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Chapter: 11th Commerce : Chapter 7 : Cooperative Organisation

Types of Cooperatives

The Cooperatives can be broadly classified into two viz., Credit Cooperatives and Non- Credit Cooperatives.

Types of Cooperatives

The Cooperatives can be broadly classified into two viz., Credit Cooperatives and Non- Credit Cooperatives. The credit cooperatives can be further classified into Agricultural credit and non-Agricultural credit coopertives. However for beginners the coopertives are classified as follows.


A. Consumers Cooperatives


Consumer cooperatives are organized by consumers that want to achieve better prices or quality in the goods or services they purchase. In contrast to traditional retail stores or service providers, a consumer cooperative exists to deliver goods or services rather than to maximize profit from selling those goods or services. They also supply essential commodities through Public Distribution System (PDS). Nationally, the most widely used cooperative form is the credit union, with some 90 million members. Credit union assets have grown a hundred- fold in three decades. Credit unions are essentially cooperatives of people that use banking services.

Students’ cooperative stores, Cooperative provision stores and supermarkets set up on cooperative societies of India are examples of this type.


B. Producers Cooperatives


Producer cooperatives are established and operated by producers. Producers can decide to work together or as separate entities to help increase marketing possibilities and production efficiency. They are organized to process, market, and distribute their own products. This helps lessen costs and strains in each area with a mutual benefit to each producer.


Cooperative weavers’ societies, Cooperative carpenting units, Cooperative match factories.


C. Marketing Cooperatives


Cooperative marketing societies are associations of small producers formed for the purpose of marketing their produce. The marketing cooperatives perform certain marketing functions such as grading, warehousing, advertising etc., They secure better prices for their members by transporting goods even to distant markets. Advance is also given to members against produce deposited with the society. Thus they are a boon to agriculturists, small producers and artisans, who in the absence of these cooperatives would be forced to sell at low prices to middlemen.


D. Credit Cooperatives


Cooperative credit societies are those formed for the purpose of providing short- term financial help to their members.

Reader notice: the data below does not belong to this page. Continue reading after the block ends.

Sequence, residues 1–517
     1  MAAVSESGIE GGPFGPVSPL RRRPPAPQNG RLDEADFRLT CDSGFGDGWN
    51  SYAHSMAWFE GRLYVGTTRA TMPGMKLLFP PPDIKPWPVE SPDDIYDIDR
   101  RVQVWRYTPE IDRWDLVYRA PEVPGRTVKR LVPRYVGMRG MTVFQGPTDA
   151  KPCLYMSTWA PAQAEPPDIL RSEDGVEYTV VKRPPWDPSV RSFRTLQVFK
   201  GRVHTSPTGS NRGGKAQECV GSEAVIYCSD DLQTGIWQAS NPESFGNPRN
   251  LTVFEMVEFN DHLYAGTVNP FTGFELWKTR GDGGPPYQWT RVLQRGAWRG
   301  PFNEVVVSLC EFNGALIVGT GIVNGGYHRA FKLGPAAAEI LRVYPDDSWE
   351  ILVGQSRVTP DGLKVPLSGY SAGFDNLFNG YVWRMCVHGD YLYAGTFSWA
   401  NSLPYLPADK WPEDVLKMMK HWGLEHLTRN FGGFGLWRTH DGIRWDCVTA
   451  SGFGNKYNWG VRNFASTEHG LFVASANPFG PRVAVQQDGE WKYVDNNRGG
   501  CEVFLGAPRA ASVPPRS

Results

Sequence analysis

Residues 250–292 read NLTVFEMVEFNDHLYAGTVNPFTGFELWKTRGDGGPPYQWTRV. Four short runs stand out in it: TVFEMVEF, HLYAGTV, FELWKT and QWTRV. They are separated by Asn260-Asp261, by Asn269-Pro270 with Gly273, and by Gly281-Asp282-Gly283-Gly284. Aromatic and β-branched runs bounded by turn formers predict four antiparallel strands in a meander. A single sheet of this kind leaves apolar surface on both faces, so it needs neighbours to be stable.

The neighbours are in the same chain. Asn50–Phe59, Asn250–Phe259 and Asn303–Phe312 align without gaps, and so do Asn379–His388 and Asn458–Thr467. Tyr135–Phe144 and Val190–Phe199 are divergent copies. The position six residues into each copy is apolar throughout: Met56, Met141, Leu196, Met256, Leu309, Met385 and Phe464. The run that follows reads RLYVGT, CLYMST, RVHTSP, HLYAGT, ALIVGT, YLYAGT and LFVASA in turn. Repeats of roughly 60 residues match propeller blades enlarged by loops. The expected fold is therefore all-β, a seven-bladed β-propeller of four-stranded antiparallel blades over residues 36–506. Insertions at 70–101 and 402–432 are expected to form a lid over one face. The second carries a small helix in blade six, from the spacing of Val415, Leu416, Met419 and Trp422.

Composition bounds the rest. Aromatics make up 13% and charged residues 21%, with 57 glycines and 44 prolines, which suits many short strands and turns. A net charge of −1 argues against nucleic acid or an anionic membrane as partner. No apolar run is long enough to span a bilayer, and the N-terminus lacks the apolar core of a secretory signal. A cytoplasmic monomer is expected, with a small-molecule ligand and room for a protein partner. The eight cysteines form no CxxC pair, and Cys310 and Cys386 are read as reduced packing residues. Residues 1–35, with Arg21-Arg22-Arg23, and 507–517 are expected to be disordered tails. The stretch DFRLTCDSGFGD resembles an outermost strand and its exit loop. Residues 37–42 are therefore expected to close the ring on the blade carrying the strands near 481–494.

Agriculturists, artisans, industrial workers, salaried employees, etc., form these credit societies. Being unable to obtain financial accommodation from banks they  are  at  the mercy of money-lenders who charge exorbitant rates of interest. Ending this exploitation and encouraging thrift among members is the objective of these societies. Credit societies may be agricultural credit societies or non-agricultural credit societies.


H. Housing Cooperatives


These cooperative housing societies are meant to provide residential accommodation to their members on ownership basis or on rent. People who intend to build houses of their own join together and form housing societies. These societies  advance  loans  to members, repayable over a period of 15 to 20 years. Housing building societies, on the other hand, construct houses for their members instead of granting loans to them. These are house construction societies which acquire land, construct houses and rent them to members. The member-tenant, however, can own the houses after paying the cost.


F. Cooperative Farming Societies


When various farmers in a village pool their land together and agree to treat the pooled piece of land as one big farm for the purpose of cultivation, purchase the necessary inputs for the cultivation, and market the crops jointly, they are assumed to have formed a cooperative farming society. Such a society, for its proper working elects its office bearers on the basis of one member-one-vote.

The office bearers look after the proper cultivation of new farm that emerges after the land of various farmers has been pooled. The ownership of the land still lies with the respective members of the society and they withdraw from the society whenever they so like.

Besides land the farmers also contribute variousproductiveassetsaswellastheirlabour for the purpose of cultivations. Whereas they get rent for their land and productive assets, they get wages, for their labour.


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